PA BAT Methodology | WWF

PA BAT Methodology

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Radionica PA BAT u Parku prirode Papuk u Hrvatskoj
© WWF Adria, Petra Boić Petrač
The vision of WWF is that proper evaluation of protected areas leads to greater interest, more investments and better preservation of natural values. Evaluation of ecosystem services that protected areas provide is of a long-term importance to the local and national economy. It takes years of work on mapping values, engaging key decision makers and ultimately change policies and develop economic models which include natural values in their development plans. WWF has made an analysis that can provide initial information/guidance on how various stakeholders perceive the current and potential value of protected areas in order to assist the countries in Dinaric Arc region as quickly as possible to integrate natural capital and ecosystem services into development planning.

WWF team  has led workshops in 58 protected areas around the Dinaric Arc region within the Dinaric Arc Parks project, assessing those protected areas for their benefits with the PA-BAT methodology.

PA-BAT methodology is an important tool used to identify a full range of current and potential benefits of individual PAs, including protected areas management challenges.
 
There are 22 values in total, and which assess the legal benefits derived from protected areas. Values are organised around nine main groups: nature conservation, protected area management, food, water, culture, health and recreation, knowledge, environmental services, and materials.
 
Using this methodology, workshop participants assess economic and non-economic/subsistence value in terms of their benefits to a range of stakeholders. The benefits are assessed from six possible levels: no benefit; minor or major non-economic/subsistence benefit; minor or major economic benefit; and potential benefit.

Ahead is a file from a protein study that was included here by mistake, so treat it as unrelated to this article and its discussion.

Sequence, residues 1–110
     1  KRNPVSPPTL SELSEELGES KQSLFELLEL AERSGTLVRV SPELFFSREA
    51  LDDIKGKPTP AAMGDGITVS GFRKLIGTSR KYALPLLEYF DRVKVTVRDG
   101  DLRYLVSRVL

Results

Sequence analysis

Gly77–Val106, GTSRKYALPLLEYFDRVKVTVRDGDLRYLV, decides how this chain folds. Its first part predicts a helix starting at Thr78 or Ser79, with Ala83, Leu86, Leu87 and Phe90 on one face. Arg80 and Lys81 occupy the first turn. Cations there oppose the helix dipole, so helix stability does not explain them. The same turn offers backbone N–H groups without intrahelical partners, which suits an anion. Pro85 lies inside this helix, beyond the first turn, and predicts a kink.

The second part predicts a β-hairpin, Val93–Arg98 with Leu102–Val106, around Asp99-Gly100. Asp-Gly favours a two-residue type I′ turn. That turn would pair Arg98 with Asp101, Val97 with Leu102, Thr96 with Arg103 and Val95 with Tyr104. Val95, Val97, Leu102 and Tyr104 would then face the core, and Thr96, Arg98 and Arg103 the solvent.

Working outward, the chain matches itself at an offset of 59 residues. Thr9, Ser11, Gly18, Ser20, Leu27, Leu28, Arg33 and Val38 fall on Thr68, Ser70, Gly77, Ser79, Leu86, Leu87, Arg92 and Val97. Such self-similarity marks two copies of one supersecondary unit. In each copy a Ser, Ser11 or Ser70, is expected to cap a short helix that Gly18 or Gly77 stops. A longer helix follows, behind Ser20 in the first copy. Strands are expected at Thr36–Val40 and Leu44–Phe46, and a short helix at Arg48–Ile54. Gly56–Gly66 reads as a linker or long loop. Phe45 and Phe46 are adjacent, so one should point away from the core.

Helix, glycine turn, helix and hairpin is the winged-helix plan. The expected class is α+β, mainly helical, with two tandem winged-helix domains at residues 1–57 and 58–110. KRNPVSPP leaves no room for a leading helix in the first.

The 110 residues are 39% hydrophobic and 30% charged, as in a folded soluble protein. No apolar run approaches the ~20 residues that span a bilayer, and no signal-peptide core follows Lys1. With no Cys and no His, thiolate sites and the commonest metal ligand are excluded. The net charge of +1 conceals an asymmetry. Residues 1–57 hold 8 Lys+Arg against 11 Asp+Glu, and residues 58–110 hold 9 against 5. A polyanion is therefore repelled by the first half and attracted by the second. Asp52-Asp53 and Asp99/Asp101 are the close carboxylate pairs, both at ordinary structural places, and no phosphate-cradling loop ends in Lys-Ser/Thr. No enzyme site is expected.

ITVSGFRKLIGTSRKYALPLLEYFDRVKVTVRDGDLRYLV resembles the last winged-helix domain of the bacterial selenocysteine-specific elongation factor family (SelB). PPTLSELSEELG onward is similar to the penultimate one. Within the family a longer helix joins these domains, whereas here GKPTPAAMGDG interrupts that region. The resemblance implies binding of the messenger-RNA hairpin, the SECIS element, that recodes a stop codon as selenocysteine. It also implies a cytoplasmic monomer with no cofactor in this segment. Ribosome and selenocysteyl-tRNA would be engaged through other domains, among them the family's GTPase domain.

The PA-BAT is primarily designed for the use by protected area managers working with stakeholders to identify important values and the benefits that they bring to a range of stakeholders. In the DAP area eight stakeholder groups were identified: local people living in the protected area, local people living near the protected area, national population, science/experts, civil society organizations, government, business sector, and global community. The analysis combines the assessment made by workshop stakeholders and information collected from protected area managers and experts through a data validation process. We also received valuable input through a workshop participant survey carried out after each workshop. Guidance notes were then developed to support park management in utilising PA-BAT findings.
Steps in implementing PA-BAT:
1.         Nomination of PA BAT coordinators in protected area and basic PA data collection
2.         Site-based participatory workshops (datasheets, detailed notes, stakeholder survey)
3.         Data validation (post workshop)
5.         Data analysis (site-based, national and international level)
6.         Guidance notes: How to apply results
7.         Implementation of recommendations 

PA-BAT results can be used at both, the national and site level, to support management as well as develop appropriate policies that support nature conservation while promoting sustainable development and wise usage of natural resources.